|JUST RELEASED SEPT 2011
NEW JAY OLIVER VIDEO!
RARE LIVE PERFORMANCE
JAY OLIVER SOLO PIANO CONCERT
Saturday, Oct 1, in Santa Cruz, CA
MUSIC AS MEDICINE
At the Unity Temple of Santa Cruz - 7:30pm
Hey from Jay:
Hey everyone. Jay Oliver here. You may be happy to know that I've (finally) come out from the laboratory, and have embraced my deepest expression as a solo artist. more >>
NEW - Inspirations Page - now up:
An extensive list of influences. more>>
Music surely carries power beyond that of what we can measure or quantify. In that light, it doesn't have to be sophisticated music.... more>>
A call to producers, investors and
Project launch: A Live show that is rare,
refreshing, healing, and contageous. more >>
Coming Soon ...
Originaly from St. Louis, Missouri, Jay resides in Los Angeles, CA, and has lived in Southern California since 1990.
Always having a home studio, Jay has had both bigger studios and smaller studios.
“These days you don’t have to have racks of expensive outboard gear,” Jay says. “I’ve stripped my entire studio down to a few powerful computers, lots of plugins and a couple of great keyboards. I also use extensively the MUSE Receptor, which allows me to load up many great virtual instruments and play them live with very little latency issues.”
Jay’s studio is in an area in Los Angeles called Mt. Washington, a well kept secret community in the quiet hills just east of Hollywood. The ambiance is peaceful with windows all around looking out to the undeveloped hills.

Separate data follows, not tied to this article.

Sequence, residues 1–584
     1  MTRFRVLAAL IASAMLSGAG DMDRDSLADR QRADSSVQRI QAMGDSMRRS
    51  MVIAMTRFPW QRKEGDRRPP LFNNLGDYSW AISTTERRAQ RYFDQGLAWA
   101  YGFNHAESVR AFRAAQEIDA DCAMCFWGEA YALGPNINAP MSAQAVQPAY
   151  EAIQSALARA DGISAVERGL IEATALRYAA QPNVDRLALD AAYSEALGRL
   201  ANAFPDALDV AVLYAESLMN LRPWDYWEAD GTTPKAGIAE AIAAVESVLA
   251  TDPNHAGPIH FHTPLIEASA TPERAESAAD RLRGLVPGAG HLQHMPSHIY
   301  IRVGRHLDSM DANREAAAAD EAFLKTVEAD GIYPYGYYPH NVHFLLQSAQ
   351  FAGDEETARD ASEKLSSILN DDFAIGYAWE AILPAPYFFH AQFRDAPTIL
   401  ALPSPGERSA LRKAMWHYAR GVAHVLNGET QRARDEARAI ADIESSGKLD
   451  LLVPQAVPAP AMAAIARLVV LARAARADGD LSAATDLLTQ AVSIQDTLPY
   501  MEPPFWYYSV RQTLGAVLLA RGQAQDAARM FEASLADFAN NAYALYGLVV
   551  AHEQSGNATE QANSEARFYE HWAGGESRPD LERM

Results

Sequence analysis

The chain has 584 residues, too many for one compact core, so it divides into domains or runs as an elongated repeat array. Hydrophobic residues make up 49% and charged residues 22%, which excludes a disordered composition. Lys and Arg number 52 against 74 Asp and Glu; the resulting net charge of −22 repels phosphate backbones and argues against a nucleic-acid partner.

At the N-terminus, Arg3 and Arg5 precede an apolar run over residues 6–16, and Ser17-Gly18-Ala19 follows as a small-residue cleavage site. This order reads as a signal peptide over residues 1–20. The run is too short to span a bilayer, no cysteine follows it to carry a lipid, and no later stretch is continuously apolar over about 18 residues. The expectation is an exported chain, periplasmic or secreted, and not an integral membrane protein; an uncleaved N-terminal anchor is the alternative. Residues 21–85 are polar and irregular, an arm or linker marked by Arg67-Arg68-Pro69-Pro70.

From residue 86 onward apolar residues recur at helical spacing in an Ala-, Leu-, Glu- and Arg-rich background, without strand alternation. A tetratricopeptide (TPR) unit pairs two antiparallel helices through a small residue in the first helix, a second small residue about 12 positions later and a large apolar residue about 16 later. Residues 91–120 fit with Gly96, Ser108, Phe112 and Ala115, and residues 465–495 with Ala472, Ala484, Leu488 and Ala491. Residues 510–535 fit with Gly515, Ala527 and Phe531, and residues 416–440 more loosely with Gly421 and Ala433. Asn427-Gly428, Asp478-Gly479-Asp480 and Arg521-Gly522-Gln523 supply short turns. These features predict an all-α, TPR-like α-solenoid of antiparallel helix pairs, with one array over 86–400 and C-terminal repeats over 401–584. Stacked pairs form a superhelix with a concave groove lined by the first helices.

With a handle on all the latest technology, Jay is able to produce everything from simple organic acoustic piano performances, to innovative world-music landscapes, to full-blown cutting-edge soundtracks.
Jay’s main software is MOTU’s “Digital Performer” and he has used this since Performer version 1, over twenty years ago.
“As long as you’re using good hardware, the workstations are similar. It’s just a matter of which you are most comfortable with. For me, I’m a musician at the core, so I record with MIDI extensively, and DP affords me the best tools for editing.”
I owe it to the folks at Synthogy for creating “Ivory”. The German sample gave me the base sound I was looking for, and then I modified it to give me a larger timbral dynamic range. I then blend that with a myriad of other patches that combine – subtly – to enhance the sustain and warmth. In live performance, I use pedals to bring in subtle strings and other layers within the performance.
All this wouldn’t be possible without a powerful unit called The Receptor. This unit allows you to load up several Virtual Instruments, like you would in your computer workstation, except with only a fraction of the latency. What this means, is that you can play these large samples live, without sacrificing the tactile feel of the instrument. I love the Receptor – not just for live performance – but also in the studio. You can check it out here: www.museresearch.com